Chameleons Are Invading the Everglades

chameleonsThe Burmese python is notorious for being an invasive species slithering all over the Everglades, but there are many other invasive species living and breeding in the wetlands.  In fact, there are around 139 species of reptiles and amphibians living in Florida, not to mention all the invasive mammals and plants! According to researchers at the University of Florida, there are more invasive species of reptiles and amphibians living in the wild in Florida than anywhere else in the world. Thanks to humans releasing their pets into the wild, there are now six different chameleon species in the wild in Florida. Chameleons are not native to Florida; they are an invasive reptile that hail from Africa, Madagascar, and parts of Asia and Europe.

Unlike the Burmese python, chameleons aren’t as dangerous of a creature and are not having a drastic negative impact on the ecosystem of Florida or the Everglades; they are not a top priority for the Florida Fish and Wildlife Conservation Commission. However, they do prey on insects, small frogs, lizards, small mammals and birds. They are known to eat a lot of pests like stinkbugs, caterpillars, geckos and weevils, but scientists are afraid they will begin to eat more native species.

Chameleons, like the Oustalet chameleon, are known to have a high reproductive rate and can thrive in many different environments, including forests and agricultural land. This particular kind of chameleon can grow up to 24 inches long; the male Oustalets are a tan color with brown and black stripes while the females are green with white dotes. Another chameleon found in Florida is the veiled chameleon; this chameleon is native to the Arabian Peninsula. They range in size from 1 to 2 feet; the males are green with bands of yellow with blue, orange, or black and the females are green with white, orange or yellow spots.

These breeds, along with the other breeds of chameleons, have been found in Miami-Dade, Broward, Lee, Collier counties, as well as other areas of Florida.

Just like with the pythons, there are groups of people that head out into the Florida wilderness to hunt for these chameleons. These hunters are known as “herpers” who catch invasive chameleons in rural and residential areas, and will adopt or sell them. They head out at night and shine flashlights into trees to spot these reptiles. It’s easier to find chameleons at night; since they can change their skin color, they aren’t so easy to find during daylight hours.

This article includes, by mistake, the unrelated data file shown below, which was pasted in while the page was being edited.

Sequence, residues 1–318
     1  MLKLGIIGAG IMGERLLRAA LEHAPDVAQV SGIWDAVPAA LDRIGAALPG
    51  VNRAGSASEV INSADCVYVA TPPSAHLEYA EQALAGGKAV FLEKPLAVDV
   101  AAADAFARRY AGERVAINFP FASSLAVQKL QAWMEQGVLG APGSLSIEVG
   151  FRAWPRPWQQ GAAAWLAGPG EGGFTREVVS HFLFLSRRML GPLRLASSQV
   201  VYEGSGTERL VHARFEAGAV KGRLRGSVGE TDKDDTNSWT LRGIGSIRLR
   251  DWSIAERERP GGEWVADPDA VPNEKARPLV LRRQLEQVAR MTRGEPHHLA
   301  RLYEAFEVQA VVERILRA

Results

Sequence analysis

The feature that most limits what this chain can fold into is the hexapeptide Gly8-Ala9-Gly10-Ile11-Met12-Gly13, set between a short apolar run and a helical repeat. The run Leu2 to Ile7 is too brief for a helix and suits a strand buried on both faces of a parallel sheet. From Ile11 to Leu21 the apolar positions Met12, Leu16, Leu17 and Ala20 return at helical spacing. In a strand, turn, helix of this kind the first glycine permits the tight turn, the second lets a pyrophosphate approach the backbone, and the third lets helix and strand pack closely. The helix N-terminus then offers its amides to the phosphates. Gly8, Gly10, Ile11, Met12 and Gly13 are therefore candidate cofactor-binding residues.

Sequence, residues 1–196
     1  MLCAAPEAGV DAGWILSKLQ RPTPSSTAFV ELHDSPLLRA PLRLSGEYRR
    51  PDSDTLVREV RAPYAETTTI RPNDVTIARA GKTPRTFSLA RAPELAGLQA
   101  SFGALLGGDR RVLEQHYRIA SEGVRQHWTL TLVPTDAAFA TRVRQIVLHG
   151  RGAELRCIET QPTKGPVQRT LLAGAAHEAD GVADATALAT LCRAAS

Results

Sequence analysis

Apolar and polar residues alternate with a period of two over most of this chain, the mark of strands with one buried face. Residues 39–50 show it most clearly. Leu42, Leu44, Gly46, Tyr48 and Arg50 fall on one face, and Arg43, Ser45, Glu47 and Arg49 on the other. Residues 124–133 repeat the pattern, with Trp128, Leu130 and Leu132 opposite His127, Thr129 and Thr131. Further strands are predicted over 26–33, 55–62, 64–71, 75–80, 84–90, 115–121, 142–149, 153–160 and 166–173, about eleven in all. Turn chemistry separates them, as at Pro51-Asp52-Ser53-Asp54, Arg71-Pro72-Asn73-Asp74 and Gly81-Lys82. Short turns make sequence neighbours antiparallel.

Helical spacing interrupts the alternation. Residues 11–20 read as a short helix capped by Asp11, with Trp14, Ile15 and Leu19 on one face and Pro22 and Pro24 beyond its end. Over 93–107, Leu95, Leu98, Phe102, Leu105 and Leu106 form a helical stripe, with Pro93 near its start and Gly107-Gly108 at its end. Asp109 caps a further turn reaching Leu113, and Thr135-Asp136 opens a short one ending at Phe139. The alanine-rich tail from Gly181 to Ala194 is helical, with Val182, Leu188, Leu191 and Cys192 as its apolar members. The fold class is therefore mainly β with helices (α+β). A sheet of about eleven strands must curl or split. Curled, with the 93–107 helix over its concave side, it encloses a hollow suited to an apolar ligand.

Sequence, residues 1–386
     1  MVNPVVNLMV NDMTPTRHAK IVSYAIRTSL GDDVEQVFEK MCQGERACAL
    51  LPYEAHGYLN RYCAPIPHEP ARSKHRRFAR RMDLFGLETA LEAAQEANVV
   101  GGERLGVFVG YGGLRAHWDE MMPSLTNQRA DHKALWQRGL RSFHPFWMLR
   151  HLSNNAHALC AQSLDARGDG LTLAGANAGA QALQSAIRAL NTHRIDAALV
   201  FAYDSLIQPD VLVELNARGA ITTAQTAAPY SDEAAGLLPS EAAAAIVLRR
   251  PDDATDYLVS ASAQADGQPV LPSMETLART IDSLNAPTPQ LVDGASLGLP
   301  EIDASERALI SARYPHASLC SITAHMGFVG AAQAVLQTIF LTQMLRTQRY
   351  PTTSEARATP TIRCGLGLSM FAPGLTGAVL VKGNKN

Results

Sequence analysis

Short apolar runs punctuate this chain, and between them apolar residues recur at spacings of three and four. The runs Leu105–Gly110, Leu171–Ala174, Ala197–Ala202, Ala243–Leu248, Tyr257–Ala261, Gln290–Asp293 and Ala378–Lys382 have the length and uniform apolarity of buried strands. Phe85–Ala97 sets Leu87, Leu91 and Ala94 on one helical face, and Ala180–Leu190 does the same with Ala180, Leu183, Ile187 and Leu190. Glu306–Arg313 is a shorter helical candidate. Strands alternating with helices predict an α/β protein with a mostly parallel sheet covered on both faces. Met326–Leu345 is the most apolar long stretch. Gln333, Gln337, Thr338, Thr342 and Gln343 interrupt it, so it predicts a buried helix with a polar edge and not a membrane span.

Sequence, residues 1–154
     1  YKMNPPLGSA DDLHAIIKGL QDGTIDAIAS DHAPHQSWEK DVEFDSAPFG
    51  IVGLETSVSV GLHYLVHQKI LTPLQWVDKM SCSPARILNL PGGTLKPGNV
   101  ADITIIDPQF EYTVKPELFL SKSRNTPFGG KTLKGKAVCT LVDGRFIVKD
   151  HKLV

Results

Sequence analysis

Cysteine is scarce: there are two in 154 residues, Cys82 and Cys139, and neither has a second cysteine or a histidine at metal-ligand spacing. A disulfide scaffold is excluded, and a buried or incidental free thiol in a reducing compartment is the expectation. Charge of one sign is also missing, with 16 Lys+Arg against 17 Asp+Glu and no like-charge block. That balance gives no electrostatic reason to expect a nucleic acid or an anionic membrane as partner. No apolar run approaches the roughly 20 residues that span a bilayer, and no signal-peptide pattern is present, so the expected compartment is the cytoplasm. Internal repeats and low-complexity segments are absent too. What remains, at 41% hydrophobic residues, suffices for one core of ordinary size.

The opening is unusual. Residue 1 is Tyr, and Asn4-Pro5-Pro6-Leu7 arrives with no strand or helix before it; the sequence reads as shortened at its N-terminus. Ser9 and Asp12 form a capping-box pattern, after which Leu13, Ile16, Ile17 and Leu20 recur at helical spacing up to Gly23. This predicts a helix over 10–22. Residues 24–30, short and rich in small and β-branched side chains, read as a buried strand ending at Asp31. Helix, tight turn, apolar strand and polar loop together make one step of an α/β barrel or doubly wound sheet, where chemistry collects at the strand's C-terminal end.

These herpers gather in online forums to share popular hiding spots for chameleons and tips on how to find and catch them. “Ranchers” are also out there; ranchers breed and raise the chameleons they find to sell them; this is considered to be a controversial activity. The panther chameleon, which is roaming in rural spots of Florida, can sell for up to $1,000.

All of the species of chameleons in Florida where brought to the United States in the pet trade. Because they are not native, it is OK to take them out of the trees and flora in Florida; they are not protected here. However, if someone catches one, he or she cannot put it back, since it’s illegal to release them into the wild.

If you spot one in the Everglades or other area of Florida, take a photo, write down the location and report your siting to or download the IveGot1 app.

Interested in spending some time in the Everglades among all the varied species? A great and safe way to explore is on an airboat tour. You’ll see an array of sights and sounds right from the airboat. To book an airboat ride, contact Captain Mitch’s Airboat Tours at 800-368-0065 or click here.